Providers and health plans should become more involved with the host of public- and private-sector initiatives feverishly working on new measures of health system performance as the industry re-orders its priorities and places a premium on value and population health.

By doing so, providers and health plans can shape the metrics upon which they’ll ultimately be judged. And, they will be able to use those new metrics internally to drive their own performance improvement and externally to demonstrate the value of what they do for payers and patients.

“It is critical to measure because we know what gets measured gets done,” says Peter Long, president and CEO of the Blue Shield of California Foundation.

Long spoke at a seminar in June on quality measures sponsored by the Institute of Medicine. The IOM is forming a study panel charged with coming up with a proposed new set of core measures to assess industry performance.

“The energy is there, the momentum is there, what we need is a force to collate those together,” Long says of the IOM study panel.

Separately, the IOM released a 102-page report last month that outlines a methodology for developing new measures for population health that gauge how well providers and health plans are taking care of the health needs of a designated population base.

In “Toward Quality Measures for Population Health and the Leading Health Indicators,” the IOM said the use of quality measures to improve population health holds great promise but is “…still in its infancy.” The report said effective quality measures to improve population health should meet seven criteria. According to the IOM, the measures must be:

  • Reflective of a high preventable burden
  • Actionable at the appropriate level for intervention
  • Timely
  • Usable for assessing various populations
  • Understandable
  • Methodologically rigorous
  • Accepted and harmonized

What the IOM effectively did was give providers and health plans a standard against which they can measure their own population health metrics and adjust accordingly for both internal tracking and monitoring and external reporting to payers and patients.

Performance measurement has been around for a long time, but it hasn’t been done very well or comprehensively, says Robert Berenson, M.D., senior fellow at the Urban Institute. Dr. Berenson co-wrote a report on the state of performance measurement for the Robert Wood Johnson Foundation.

“One of the challenges with measurement is it is too often retroactive. We’re looking at ways that payers and providers can effectively communicate prior to care delivery. Through shared decision-making tools like our InterQual Criteria portfolio and automated workflow systems, healthcare stakeholders across the spectrum get the actionable, prospective and exception-based information they need to improve patient care and manage administrative burden,” says Matthew Zubiller, vice president decision management at McKesson.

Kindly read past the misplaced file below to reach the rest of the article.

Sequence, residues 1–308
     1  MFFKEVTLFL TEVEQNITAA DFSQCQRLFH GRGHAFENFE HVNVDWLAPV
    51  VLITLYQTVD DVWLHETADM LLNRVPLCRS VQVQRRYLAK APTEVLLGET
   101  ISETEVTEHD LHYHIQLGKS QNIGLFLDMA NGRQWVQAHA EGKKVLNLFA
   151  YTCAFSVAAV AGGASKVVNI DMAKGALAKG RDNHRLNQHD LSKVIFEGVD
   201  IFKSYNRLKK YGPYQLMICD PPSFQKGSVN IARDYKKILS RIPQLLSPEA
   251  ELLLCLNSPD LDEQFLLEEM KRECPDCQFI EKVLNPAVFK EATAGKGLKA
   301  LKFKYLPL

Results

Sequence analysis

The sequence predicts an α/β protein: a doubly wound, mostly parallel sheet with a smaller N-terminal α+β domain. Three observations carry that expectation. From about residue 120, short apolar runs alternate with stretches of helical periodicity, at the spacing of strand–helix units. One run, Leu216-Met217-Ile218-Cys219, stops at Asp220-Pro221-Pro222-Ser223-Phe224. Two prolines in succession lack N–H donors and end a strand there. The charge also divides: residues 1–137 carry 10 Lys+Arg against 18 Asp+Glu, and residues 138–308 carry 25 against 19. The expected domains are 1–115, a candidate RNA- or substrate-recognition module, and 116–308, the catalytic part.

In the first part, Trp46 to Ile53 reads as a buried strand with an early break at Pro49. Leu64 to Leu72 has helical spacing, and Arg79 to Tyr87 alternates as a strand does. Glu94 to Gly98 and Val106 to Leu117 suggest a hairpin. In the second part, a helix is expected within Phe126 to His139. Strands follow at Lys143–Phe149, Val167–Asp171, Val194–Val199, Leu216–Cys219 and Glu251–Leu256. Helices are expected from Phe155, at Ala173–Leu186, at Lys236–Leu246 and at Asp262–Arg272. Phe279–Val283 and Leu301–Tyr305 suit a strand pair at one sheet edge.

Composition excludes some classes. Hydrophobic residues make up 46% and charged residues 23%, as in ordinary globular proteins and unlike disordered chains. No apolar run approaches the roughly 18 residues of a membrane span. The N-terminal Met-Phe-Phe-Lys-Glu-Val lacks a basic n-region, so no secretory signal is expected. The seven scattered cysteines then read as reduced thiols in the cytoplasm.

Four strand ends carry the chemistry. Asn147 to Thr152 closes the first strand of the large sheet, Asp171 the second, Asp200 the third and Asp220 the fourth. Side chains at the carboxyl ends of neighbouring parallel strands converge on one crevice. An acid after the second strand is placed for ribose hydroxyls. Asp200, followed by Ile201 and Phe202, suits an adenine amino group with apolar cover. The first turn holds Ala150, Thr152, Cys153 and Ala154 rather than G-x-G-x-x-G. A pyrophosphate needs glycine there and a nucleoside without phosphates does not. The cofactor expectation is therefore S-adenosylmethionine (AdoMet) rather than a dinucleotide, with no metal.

To that end, the Urban Institute report recommends seven steps to better performance measurement, including: measuring outcomes rather than processes; using quality measures strategically; focusing on organization-level measuring rather than clinician-level measures; and measuring patient experience.

Measures today “completely ignore major problems in healthcare,” Berenson says.

For instance, most measurements don’t include how often providers correctly diagnose patients, he says. About 150,000 people are misdiagnosed annually, according to a study published in February in the Journal of the American Medical Association.

“You could have a doctor who is completely incompetent at diagnosing but he is ordering a lot of cholesterol tests so he looks good (from a measures standpoint),” Berenson says.

Well-documented problems with process-focused performance measurements today include “teaching to the test,” where clinicians focus on required measures to reap performance bonuses. Instead, “more system-based outcomes with high public health importance are needed,” according to a June article in the Journal of the American Medical Association written by Patrick Conway, M.D., chief medical officer for CMS, which oversees the Medicare and Medicaid programs, Farzad Mostashari, M.D., HHS’ national coordinator for health information technology, and Carolyn Clancy, M.D., director of the Agency for Healthcare Research and Quality.

The National Quality Strategy, required by the Patient Protection and Affordable Care Act, aims to improve measures in clinical care, patient experience and engagement, population and community health, safety, care coordination and cost and efficiency.

Moving away from process-based performance measures won’t be easy, says Berenson.

“It’s really difficult to do correct outcome measures,” he says. “You have to do case-mix adjustments and account for some providers having a sicker population than another. It takes a major commitment to do it.”

Many clinicians already feel overburdened by the sheer number of performance measures required for participation. When Medicare first unveiled the requirements of its Shared Savings program in 2011, many providers balked at the number of core measurements, and the federal government cut back on the requirements.

But performance measures are important to make sure new payment methodologies like bundled payments and accountable care organization don’t sacrifice quality in order to lower costs, Berenson says.

As the industry evolves, the pressure to develop and implement new measures of health system performance will only increase. Consequently, providers and health plans must seize the opportunity to help design the measures and subsequently use them to drive internal improvement and report value to their customers.